Monday 19 September 2011

Mummy, Where Do Dragon's Come From?

Look at this skull; what do you see? I see a Dragon. I see horns on both its beaked nose and above its eyes - and I'm not the only person to see this. This skull could be the connection between myth and reality. This is, in fact the skull of a Dinosaur - a Dracorex Hogwartsia (named - for reasons I'm not going to look up - after the Harry Potter series. Oh yeah, fact!).

The thing is, this beast could have been around with our early ancestors, thus creating a time when people did, in fact, roam with dragons. Back then, as the stories past verbally down from generation to generation, they grew with intensity; fact became exaggerated, then become a legend, followed by a myth - a time when dragons roamed the earth.

And lets face it, if an ancient Egyptian stumbled across this skull, they wouldn't exactly say, "Oh, that's a dinosaur fossil." No, it would fuel their mythological beliefs.

Take, as another example, the ancient Greeks, a civilisation famous for its unique religious views and legends. One famous mythological creature was the cyclops, a huge one-eyed beast. Where did this come from? Well, the remains of giant mammoths apparently scatter across Greek and neighbouring lands. One theory is that the Greeks stumbled across many of these skulls and, not knowing what they were, saw them for what they looked like, mistaking the huge nasal cavity for a single eye socket, and thus creating the legend of the cyclops.

Also, Greek legends are filled with creatures and gods that could turn people to stone, such as Medusa. As everyone knows, after several million years of lying in rock, dinosaur bones become fossils, ie stone. What if the ancients Greeks saw this and their only plausible theory was that they were turned - just like the kraken?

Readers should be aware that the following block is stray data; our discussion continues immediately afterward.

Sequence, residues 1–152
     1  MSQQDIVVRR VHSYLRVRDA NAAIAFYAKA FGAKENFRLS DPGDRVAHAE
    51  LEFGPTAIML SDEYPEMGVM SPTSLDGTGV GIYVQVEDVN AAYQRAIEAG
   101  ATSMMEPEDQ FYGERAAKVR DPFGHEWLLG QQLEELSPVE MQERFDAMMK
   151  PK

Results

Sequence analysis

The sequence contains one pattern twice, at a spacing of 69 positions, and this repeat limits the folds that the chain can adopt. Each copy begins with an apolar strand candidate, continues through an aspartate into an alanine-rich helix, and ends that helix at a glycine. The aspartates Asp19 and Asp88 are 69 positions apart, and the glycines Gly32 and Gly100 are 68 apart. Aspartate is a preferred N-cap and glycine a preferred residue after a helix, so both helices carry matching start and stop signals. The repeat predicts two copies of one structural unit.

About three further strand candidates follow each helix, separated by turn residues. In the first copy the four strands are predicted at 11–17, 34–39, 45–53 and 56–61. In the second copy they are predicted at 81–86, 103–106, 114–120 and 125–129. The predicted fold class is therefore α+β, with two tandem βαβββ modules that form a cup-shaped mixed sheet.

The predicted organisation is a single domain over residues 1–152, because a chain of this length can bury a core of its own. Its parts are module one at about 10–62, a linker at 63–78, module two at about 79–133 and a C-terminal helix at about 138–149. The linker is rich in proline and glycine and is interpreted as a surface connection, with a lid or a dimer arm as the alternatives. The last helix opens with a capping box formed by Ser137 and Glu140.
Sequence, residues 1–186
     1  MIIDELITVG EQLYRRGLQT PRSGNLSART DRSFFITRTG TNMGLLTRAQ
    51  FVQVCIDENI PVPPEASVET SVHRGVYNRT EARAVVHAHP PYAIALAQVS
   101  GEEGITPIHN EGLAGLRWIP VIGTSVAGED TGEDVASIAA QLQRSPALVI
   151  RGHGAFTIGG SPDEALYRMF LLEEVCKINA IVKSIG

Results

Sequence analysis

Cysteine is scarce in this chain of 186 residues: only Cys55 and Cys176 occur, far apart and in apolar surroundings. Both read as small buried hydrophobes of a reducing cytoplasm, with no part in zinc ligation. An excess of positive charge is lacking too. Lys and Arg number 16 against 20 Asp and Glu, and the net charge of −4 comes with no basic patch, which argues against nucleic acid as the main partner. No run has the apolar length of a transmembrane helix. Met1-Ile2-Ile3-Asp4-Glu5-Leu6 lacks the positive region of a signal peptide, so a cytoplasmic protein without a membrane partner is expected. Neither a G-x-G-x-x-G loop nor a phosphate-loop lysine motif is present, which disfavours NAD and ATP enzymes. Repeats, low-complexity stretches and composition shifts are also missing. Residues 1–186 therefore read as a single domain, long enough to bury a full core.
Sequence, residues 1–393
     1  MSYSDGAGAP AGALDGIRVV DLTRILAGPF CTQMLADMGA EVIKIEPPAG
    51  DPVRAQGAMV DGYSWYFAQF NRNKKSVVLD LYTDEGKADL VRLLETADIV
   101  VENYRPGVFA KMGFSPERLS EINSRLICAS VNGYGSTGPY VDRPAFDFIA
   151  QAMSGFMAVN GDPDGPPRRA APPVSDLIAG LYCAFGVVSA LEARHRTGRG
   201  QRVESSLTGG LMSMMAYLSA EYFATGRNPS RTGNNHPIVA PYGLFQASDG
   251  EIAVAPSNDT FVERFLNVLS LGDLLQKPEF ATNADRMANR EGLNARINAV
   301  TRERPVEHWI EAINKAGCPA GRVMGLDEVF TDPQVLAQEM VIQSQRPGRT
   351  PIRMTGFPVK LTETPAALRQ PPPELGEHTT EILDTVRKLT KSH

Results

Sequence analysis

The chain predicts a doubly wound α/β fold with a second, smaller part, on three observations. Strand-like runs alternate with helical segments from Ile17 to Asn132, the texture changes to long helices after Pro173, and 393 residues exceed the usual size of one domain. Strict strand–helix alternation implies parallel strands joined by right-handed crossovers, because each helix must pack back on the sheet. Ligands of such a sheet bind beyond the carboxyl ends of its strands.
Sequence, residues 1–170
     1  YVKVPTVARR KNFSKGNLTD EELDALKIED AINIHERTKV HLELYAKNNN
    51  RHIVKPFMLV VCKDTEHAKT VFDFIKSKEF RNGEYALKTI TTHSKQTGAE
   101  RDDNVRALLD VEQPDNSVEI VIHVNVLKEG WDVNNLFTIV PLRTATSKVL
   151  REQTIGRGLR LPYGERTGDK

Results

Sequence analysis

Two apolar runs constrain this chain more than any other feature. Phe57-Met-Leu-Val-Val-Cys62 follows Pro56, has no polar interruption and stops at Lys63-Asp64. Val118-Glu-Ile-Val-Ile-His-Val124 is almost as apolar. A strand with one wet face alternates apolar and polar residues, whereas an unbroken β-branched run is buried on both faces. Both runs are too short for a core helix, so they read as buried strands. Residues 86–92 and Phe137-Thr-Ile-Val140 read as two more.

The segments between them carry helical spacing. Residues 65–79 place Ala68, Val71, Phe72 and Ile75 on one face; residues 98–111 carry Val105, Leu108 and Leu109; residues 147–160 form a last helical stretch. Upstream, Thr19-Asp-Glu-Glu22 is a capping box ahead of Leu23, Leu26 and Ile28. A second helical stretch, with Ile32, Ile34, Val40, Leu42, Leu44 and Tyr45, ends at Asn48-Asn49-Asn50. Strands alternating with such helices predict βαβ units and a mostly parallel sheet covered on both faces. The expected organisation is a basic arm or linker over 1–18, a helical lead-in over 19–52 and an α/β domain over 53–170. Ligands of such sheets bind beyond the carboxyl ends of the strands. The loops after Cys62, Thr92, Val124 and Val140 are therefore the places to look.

There are many people out there who are trying to connect Dinosaur fossils with myth, and another one that has them hungry is the Triceratops. Could a member of its family, with their beak nose, have given birth to the legend of the Griffin? And could some ancient discovered fossil have fueled the Chinese dragon myth?

It's a plausible concept. Stories and pictures become like Chinese whispers through time, and the creatures of myth that we are seeing today could have once been born from the discovery of dinosaur remains.

This subject really interested me this week, and as a writer I thought it was a great tool to consider when world building. If your world, like the ancient Greeks, is full of colourful, fantastic myths and legends then it may also help to understand where these stories originated from, giving your world a sense of depth and time. Just where do your dragons come from???


  1. Totally awesome post!
    That "cyclops" skull totally floored me.

  2. There is a garden in Crystal Palace that has some 'dinosaurs' that look nothing like how we know them now. It's more than plausible that a few scattered skulls dug up by the greeks could have fuelled the myths.

  3. Ooo...I love this. It does create awesome "what if..." scenarios. Thanks!

  4. Really cool ideas here. I've heard about the cyclops one, but interestingly enough, never considered the dinosaurs/dragon connection.

  5. I'd never considered this connection at all, and when I heard about it I was stunned. It's all very interesting...

  6. I've never thought of it like this before. It makes sense.